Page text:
Sunday, January 30, 2011

AMS?


Snapped a paparazzi shot of the lead guitarist in local rock legend Sinnocular at a tram stop this morning. He probably knew what was going on. That's what you get for being famous - Sinnocular are not only featured on the cover of this month's "Fukuoka Now" magazine, but an interview with the band as well as preview footage and concert dates are on the front page of the Fukuoka Now website!

I was so excited about Austin. I still am excited about Austin. But there is a new layer of possibility, and it's famous for pancakes, legal vice, and outspoken anti-Islamic politician Geert Wilders. If I do in fact require everlasting culture shock and stressful acclamation to new countries and funny foreign languages to course through my veins at all times, chasing my man to the Netherlands with no visas, job leads or Dutch language skills could certainly satisfy.

I picked out that jacket and bought it for him. I wish someone would hire me to play paper dolls with rock bands. I'd be a great and much needed help.

Tuesday, January 25, 2011

Initiating a breakup.

I think Austin is going to win. I really love the idea of it and no matter what, there will be more going on there than there is in Albany, NY.

Not that there's anything wrong with "The 518," "The ToC," or "Smallbany" (a modest sampling of its many monikers) - on the contrary, I really loved growing up there and I had loads of nice friends, a great nuclear family with a big house with a great park literally in my backyard. Since Albany is the capital of New York State, there were internships to be had at the state offices downtown, some music festivals, and smatterings of interesting nightlife.

I suppose I realized I'd outgrown my pond a bit when I went home to visit last summer and felt like I had managed to do everything there was to do in the area in two weeks. Most of my friends from childhood are married, engaged, parents, soon-to-be parents, or otherwise domesticated. Some moved to other cities and states, and quite a few more simply grew boring and useless to me. My parents hate the high cost of living and the snowy winters. I found the lack of Thai restaurants indicative of many things.

(Universities and colleges in America are ranked informally by their percentages of Jewish and Asian students - the higher the percentages, the more expensive and competitive the school. I use a similar system to rate cities. Cities with lots of Thai restaurants have lots of arts-conscious 20-somethings who have passports. People like me. Albany has no well-known Thai restaurants and only a small handful of Indian places. Manhattan/Brooklyn, Los Angeles, and Boston have at least eight of each on every block.)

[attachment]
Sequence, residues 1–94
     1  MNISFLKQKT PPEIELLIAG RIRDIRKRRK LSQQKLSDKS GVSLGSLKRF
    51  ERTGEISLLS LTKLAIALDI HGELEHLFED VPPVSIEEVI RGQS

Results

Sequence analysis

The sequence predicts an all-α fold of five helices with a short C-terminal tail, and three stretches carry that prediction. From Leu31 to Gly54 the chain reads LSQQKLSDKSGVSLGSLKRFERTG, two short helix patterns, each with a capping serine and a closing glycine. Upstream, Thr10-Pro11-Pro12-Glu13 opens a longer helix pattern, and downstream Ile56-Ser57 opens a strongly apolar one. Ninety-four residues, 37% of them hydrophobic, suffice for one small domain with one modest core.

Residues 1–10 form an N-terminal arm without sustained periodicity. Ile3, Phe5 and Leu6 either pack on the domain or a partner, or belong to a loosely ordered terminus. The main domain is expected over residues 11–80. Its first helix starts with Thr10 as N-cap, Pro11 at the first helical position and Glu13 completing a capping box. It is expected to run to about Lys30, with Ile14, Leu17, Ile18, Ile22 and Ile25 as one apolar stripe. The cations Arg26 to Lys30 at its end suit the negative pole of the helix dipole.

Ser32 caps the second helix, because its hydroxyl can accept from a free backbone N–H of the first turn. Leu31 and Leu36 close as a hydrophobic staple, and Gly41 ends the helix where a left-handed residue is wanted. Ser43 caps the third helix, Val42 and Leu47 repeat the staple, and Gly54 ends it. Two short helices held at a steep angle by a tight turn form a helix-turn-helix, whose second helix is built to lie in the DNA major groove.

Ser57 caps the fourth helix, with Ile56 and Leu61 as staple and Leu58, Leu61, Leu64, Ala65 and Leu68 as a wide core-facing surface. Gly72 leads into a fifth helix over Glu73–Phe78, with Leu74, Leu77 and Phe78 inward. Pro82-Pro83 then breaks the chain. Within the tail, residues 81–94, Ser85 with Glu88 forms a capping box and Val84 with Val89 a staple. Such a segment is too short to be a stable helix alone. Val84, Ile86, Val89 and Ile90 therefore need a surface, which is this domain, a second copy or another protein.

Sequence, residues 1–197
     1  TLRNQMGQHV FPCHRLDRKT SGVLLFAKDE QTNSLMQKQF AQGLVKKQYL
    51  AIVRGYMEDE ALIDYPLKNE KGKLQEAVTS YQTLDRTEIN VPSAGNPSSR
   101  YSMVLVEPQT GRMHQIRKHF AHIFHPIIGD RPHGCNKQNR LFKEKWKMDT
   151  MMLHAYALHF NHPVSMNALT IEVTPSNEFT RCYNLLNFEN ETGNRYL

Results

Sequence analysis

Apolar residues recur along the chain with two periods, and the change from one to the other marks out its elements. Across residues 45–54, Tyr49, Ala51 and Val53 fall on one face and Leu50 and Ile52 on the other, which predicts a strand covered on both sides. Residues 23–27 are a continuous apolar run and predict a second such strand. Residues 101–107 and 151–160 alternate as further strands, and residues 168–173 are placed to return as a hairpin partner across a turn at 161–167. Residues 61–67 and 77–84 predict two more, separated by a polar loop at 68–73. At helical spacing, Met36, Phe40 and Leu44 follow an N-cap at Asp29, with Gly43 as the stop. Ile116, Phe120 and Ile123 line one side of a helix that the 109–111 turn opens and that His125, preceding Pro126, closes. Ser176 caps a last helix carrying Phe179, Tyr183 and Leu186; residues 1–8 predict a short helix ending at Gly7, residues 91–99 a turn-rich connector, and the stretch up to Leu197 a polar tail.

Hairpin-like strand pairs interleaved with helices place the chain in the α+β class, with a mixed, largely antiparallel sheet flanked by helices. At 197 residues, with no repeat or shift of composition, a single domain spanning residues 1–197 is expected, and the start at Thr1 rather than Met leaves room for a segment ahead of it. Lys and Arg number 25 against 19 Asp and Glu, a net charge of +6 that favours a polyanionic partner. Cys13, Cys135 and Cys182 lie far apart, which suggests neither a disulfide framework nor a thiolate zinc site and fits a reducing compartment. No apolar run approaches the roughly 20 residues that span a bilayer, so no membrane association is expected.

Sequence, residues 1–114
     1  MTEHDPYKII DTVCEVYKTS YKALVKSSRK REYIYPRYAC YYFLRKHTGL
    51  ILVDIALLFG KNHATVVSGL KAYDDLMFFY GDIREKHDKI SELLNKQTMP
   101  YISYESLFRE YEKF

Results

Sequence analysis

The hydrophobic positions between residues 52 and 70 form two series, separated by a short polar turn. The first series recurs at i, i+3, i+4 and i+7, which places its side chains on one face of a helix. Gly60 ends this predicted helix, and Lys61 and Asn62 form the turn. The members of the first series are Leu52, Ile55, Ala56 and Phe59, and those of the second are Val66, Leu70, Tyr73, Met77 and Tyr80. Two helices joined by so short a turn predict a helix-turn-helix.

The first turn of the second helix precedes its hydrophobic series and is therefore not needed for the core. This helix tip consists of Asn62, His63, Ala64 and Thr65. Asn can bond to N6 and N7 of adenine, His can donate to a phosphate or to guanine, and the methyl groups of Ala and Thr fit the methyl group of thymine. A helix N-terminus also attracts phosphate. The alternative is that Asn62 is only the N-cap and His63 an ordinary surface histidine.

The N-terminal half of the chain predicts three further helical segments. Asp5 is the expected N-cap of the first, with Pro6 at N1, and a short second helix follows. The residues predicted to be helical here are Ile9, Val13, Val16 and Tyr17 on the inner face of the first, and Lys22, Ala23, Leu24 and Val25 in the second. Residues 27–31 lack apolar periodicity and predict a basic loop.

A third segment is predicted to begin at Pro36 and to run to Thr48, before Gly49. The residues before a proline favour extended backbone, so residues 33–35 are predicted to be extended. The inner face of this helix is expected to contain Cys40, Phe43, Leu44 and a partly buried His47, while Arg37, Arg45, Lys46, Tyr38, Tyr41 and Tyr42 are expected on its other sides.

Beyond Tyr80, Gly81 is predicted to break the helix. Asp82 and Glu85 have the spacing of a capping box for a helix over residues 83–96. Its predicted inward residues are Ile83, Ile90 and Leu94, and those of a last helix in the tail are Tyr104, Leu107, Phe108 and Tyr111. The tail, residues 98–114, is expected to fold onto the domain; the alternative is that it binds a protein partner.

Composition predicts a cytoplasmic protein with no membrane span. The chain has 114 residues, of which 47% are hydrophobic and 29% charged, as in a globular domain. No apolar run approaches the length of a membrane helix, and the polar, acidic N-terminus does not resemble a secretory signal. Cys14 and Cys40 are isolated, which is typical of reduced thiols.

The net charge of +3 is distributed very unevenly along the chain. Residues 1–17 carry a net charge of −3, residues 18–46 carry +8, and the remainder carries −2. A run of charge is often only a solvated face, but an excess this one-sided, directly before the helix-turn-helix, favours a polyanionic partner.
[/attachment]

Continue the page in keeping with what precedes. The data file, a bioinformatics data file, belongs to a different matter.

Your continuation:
Walter will be coming to Austin too. There we intend to recreate our present perfectly betsu-betsu (separate, individual) lifestyle - each keeping our own apartments and doing our own things, forming our own circles while having loads of adventures together. Our relationship and our bond seems unshakeable today, but if for some reason we don't make it as a couple, it's not like there's any shortage of cute single people around. Austin is consistently ranked as one of the best U.S. cities for young singles. Single girls make good girlfriends. Everybody wins.

My parents will probably move to the area too, since as I mentioned they are not fans of winter and in their mid-sixties are becoming a bit fragile for heavy-duty shoveling on a steep driveway in icy conditions. Dad's from rural Tennessee and Mom's from Dee-troit; they're both already sort of out of their elements in suburban upstate New York. Austin is still Texas, but compared to other major cities it seems, on all accounts, more foreigner-friendly, at least toward atheist liberal types. I've been doing some research; housing is affordable compared to NY and they should be able to find a tiny house or condo near downtown to grow old in.

In the past, my breakups with boyfriends have all been fairly straightforward, like ripping off a Band-Aid that was sort of falling off already anyway. I think saying "smell ya later" to my hometown will be like that, too. I'm ready for change and coming off of a three-year stint abroad, if I don't immediately flood my senses with more excitement and change, I'll wilt like a corsage after prom night. I'm so excited for this.

Monday, January 24, 2011